In an interview with CBS, former Secretary of State Hillary Clinton defended her husband against critics who say he should have resigned in light of his scandalous affair with Monica Lewinsky. Lewinsky “was an adult,” Clinton said, and responded “absolutely not” when asked if her husband should have resigned.
This put her at odds with New York Democratic Sen. Kirsten Gillibrand, who has Clinton’s former seat, who said that she believed President Bill Clinton should have stepped down when news of his affair came to light. “Let me ask you this,” Clinton said, “Where’s the investigation of the current incumbent, against whom numerous allegations have been made, and which he dismisses, denies and ridicules?”
Hillary Clinton’s question may objectively be a fair one, but it smacks of whataboutism in the context of the interview. Yes, the allegations against President Donald Trump are serious ones, worthy of more investigation than they’ve received. But President Clinton’s affair (to say nothing of the subsequent denials) was also a serious breach of trust with the voting public, and any time a powerful man leverages his privilege against a young woman, important questions need to be asked about abuse of power.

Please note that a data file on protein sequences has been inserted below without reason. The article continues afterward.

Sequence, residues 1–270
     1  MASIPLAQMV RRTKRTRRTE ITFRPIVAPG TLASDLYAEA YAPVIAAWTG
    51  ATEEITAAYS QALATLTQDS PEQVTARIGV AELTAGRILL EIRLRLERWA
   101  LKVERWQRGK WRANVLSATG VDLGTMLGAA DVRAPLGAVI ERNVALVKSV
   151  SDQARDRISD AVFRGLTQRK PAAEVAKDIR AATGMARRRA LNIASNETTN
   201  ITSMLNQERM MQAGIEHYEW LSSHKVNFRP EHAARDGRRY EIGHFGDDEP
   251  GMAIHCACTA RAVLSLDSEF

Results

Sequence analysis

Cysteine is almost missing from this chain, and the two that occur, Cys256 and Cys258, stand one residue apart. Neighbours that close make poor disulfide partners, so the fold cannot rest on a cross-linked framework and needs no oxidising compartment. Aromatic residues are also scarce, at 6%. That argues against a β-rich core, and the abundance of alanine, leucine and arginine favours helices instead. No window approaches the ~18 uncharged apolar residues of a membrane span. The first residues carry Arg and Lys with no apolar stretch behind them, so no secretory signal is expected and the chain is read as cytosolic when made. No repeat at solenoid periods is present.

Hillary Clinton has weathered some unfair attacks, implicitly blaming her for her husband’s wrongdoing. Such smears are inexcusable. But what President Clinton did was also inexcusable and regardless of his wife’s feelings about what he should or should not have done in response to the scandal, minimizing its severity is a bad look.